How to Grow Crotons
Healthy crotons are usually pest-free. If a problem such as scale or spider mites appear, treat it with an insecticide designed specifically for crotons.
Pruning isn't necessary, but you can trim off the stem where you would like the croton to branch out. This will make the plant denser.
Brown, dried leaves mean the plant is not getting enough moisture for the hot conditions it is living in. Water the plant regularly and new growth should start to appear within one to two weeks.
Whether you decide to grow a croton indoors or out, you will find the task will not be that difficult. This colorful, tropical plant is native to Malaysia and is known for its eye-catching leaves. Though blossoms do exist, they are unnoticeable compared to the foliage. Crotons are relatively hardy plants and in warm, humid locations can be planted directly outdoors. In sections of the country that freeze, it is probably best to grow your crotons inside of containers. Crotons won’t go unnoticed mingling with the landscape or your indoor settings.
Growing Crotons Outdoors
Select a croton that has been raised outdoors so it will not suffer shock from the sunshine. If the plant has been raised indoors, slowly harden it by allowing the plant to adjust to outdoor sunlight before planting it in the ground.
Choose an area to plant your croton that will allow it to have room to grow. Some varieties can obtain a height and width of 6 feet. Crotons are relatively tolerant to living in both high- and low-light conditions.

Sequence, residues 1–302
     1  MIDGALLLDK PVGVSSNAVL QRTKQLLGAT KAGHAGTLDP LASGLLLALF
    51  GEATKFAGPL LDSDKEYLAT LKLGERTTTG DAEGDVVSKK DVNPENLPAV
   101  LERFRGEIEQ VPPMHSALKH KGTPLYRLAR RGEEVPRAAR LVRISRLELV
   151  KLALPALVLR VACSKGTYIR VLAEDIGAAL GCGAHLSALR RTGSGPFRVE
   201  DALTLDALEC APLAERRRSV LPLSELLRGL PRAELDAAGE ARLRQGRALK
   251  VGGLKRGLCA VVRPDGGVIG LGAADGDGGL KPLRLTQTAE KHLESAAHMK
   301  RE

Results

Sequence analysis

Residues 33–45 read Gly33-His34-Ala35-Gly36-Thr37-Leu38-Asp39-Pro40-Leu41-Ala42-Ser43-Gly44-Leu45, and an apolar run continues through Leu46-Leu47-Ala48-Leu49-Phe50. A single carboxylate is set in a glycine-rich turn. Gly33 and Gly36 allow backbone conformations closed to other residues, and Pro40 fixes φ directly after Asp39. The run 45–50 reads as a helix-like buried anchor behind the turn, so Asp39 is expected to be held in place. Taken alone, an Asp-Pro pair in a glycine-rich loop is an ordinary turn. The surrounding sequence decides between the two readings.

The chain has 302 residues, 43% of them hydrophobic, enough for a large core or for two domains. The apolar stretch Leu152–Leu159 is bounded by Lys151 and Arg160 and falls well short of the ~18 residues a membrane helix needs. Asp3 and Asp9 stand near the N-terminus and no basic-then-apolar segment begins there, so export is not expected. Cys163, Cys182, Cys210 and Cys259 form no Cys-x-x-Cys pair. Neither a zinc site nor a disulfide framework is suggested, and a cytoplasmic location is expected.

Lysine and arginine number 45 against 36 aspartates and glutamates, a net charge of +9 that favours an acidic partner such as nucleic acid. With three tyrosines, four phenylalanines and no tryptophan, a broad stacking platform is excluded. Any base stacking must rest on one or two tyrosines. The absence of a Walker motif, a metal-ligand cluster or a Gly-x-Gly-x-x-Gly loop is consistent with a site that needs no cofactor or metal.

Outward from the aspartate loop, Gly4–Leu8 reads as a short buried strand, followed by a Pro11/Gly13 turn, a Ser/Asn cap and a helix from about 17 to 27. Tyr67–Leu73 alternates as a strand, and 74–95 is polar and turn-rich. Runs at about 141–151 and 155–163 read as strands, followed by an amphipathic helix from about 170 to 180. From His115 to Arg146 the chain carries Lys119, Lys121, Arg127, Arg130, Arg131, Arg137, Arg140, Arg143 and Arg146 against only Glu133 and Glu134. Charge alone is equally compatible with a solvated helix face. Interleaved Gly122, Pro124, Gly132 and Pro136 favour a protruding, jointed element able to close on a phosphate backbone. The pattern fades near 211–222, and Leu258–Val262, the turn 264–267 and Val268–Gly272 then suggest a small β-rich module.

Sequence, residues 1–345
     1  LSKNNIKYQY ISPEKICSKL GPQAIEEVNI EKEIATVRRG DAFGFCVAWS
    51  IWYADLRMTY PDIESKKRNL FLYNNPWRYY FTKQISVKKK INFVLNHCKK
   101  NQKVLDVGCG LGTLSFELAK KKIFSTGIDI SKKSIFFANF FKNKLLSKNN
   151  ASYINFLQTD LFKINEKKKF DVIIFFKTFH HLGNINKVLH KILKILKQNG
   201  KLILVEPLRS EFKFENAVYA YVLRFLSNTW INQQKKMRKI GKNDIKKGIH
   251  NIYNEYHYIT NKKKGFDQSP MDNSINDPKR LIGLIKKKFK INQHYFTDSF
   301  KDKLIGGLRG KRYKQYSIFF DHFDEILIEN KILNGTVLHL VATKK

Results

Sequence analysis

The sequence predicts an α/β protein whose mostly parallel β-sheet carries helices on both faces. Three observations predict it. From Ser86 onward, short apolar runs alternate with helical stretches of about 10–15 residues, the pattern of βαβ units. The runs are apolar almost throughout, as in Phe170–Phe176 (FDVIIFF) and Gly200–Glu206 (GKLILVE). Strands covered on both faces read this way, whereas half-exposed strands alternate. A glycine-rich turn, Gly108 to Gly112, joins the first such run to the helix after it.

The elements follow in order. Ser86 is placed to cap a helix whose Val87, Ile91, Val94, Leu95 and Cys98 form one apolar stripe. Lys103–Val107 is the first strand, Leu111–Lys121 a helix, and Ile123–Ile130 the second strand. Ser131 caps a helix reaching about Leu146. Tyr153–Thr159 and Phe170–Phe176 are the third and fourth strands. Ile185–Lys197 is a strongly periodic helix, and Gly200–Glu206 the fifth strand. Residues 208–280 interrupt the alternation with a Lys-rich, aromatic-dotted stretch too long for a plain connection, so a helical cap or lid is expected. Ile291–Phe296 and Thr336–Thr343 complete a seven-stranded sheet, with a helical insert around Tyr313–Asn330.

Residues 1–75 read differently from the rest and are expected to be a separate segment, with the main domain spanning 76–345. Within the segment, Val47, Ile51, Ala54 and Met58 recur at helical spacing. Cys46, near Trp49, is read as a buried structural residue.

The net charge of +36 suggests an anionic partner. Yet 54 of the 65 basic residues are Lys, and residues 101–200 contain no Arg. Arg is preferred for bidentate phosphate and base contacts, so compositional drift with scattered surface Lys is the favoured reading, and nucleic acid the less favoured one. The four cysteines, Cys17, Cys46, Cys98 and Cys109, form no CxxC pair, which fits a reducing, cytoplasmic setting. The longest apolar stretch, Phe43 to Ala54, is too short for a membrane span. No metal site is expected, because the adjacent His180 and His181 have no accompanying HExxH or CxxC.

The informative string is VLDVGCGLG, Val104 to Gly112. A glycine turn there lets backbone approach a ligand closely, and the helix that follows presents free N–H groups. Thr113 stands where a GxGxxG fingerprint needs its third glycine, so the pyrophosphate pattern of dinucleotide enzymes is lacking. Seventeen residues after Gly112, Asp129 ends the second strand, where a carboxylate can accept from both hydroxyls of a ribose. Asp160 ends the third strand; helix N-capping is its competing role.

Plant your croton into the existing dirt amended with cow manure and peat. Mix the manure, peat and soil together, before placing the plant into the ground. Crotons like rich soil.
Water the croton every other day for the first two weeks. If the weather conditions are hot and dry, water the croton at least three to four times per week. Crotons prefer humid, warm temperatures. Unless temperatures are extremely hot, cut back on watering your croton to once per week during the fall and winter.
Fertilize the croton with an all-purpose, granular fertilizer such as 8-8-8, three times per year. You can also use a water-soluble fertilizer on the croton several times a month in addition to the granular fertilizer.
Growing Crotons Indoors
Choose a container to grow your croton that is twice as big as the plant’s root ball. Crotons will endure crowded root conditions better than most plants.
Fill the container with a potting mix that contains peat. Crotons do best planted in a rich soil medium.
Choose an area that will get high light to place your croton. It won’t do well in living in low-light conditions indoors.
Water the croton once per week. The soil needs to remain moist but not soggy. Mist the croton with water several times per week to create humidity for it.
Fertilize the croton with a water-soluble fertilizer several times per month. As the croton grows larger, replant it into a bigger container with fresh soil.
- Healthy crotons are usually pest-free. If a problem such as scale or spider mites appear, treat it with an insecticide designed specifically for crotons.
- Pruning isn't necessary, but you can trim off the stem where you would like the croton to branch out. This will make the plant denser.
- Brown, dried leaves mean the plant is not getting enough moisture for the hot conditions it is living in. Water the plant regularly and new growth should start to appear within one to two weeks.
- Cow manure
- 8-8-8 granular fertilizer
- Water-soluble fertilizer
- Potting mix
- Misting bottle